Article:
Subject: Re: handling "optional" features in packages which add dependencies on other packages
To: NetBSD Packages Technical Discussion List <>
From: Greg A. Woods <>
List: tech-pkg
Date: 04/26/1999 18:18:20
[ On Monday, April 26, 1999 at 08:41:02 (-0400), Todd Vierling wrote: ]
> Subject: Re: handling "optional" features in packages which add dependencies  on other packages
> On Sun, 25 Apr 1999, Greg A. Woods wrote:
> : For now I've patched pgsql's not to look for ncurses or
> : sfio, and have added ".if defined(USE_READLINE)"
> A better fix would be for us to add the functionality you're seeking in
> readline to libedit.  The latter is really meant to be a complete
> replacement for the former.

Hmmm... That's not likely going to work, and isn't really the point of
what I was trying to say.  GNU Readline's API is totally different from
that of NetBSD's libedit, and I don't see any good reason to merge them
either.  Mind you it might make sense to try and convince as many third
party software authors and maintainers as possible to use libedit
instead of GNU readline, though that'll require someone creating,
maintaining, and promoting a separate *portable* libedit release for
them to use on other platforms.  In the mean time we have a readline
package in pkgsrc and we can ensure there are dependencies registered
against it where appropriate -- it's just a matter of making sure we
catch all the places where this is necessary.

I.e. some third-party packages (such as pgsql and amanada) will
automatically make use of additional/optional libraries and other tools
(such as GNU readline) if they happen to exist on the build system, but
are also happy to do without these optional features too.

Unfortunately the package system often has no way to know if those
packages are using such libraries or not, and has no control over
whether the package is built with those libraries, or not (beyond either
patching the packages build system to ignore all optional libraries, or
to always require them all as dependants, or some mix of these options).
There's no feedback *or* control mechanism for the package system to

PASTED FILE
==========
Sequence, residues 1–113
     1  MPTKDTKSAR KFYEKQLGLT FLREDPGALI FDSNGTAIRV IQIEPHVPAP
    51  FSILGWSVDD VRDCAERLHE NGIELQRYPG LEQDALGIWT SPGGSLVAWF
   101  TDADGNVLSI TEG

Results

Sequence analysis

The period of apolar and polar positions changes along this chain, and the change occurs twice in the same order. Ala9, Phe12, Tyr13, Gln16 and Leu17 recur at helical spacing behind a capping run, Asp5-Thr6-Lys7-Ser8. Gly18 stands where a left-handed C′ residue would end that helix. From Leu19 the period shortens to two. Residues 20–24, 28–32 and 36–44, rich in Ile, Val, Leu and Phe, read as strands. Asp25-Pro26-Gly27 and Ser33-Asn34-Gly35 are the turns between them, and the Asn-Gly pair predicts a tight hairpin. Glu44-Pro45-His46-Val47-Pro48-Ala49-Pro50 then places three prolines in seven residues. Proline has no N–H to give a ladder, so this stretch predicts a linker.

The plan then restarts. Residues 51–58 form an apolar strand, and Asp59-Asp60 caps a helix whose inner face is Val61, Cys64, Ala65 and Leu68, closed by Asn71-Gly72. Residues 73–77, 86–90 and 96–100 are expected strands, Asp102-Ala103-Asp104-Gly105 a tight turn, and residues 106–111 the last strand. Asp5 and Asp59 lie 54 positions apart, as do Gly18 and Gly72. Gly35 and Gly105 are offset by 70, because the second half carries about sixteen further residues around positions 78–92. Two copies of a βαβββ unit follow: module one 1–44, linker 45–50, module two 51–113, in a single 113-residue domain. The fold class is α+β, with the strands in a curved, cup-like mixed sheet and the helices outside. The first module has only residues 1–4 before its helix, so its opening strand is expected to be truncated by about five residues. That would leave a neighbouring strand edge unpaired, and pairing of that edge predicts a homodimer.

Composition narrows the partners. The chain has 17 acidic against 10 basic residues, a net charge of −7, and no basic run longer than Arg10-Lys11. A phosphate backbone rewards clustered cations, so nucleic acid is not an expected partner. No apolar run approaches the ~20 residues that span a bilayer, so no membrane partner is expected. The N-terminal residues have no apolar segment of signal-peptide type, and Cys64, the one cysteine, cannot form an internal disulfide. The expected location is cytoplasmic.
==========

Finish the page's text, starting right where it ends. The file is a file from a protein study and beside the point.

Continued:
use.  The package maintainer must examine the package's build system in
detail to understand what options it might automatically use and must
patch the build system to take control over these automatic decisions so
that dependencies can be registered.

This situation is far from ideal, and once you wander away from GNU
Autoconf'ed packages it gets extremely complex too.  That's why I'm a
big proponent of GNU Autoconf (the more packages which use Autoconf, the
easier the pkgsrc/ports maintainer's jobs become), and why I'm trying to
convince the Autoconf folks that that some kind of command-line control
is necessary for the AC_CHECK_LIB macro (and any similar macros).

Lastly there's the question of who gets to make the decisions -- does
this ability sit totally with the package maintainer, or should there be
hooks to allow the users to make some of these choices too?  I think the
user should have control where possible, and that's why I'm proposing
standardising a simple and predictable naming scheme for these control

> : I.e. have a PKG_{add-on} variable that controls the default use of an
> : add-on dependant for any other package that might use it, and then have
> : PKG_{parent-pkg}_{add-on} that can override the default for a given
> : dependant in some specific package.  This gets very verbose though.
> There is one that might fit this scheme better: libgettext.

Doesn't GNU gettext have a much more standard API?  I.e. isn't it a
worse example?  ;-)

							Greg A. Woods

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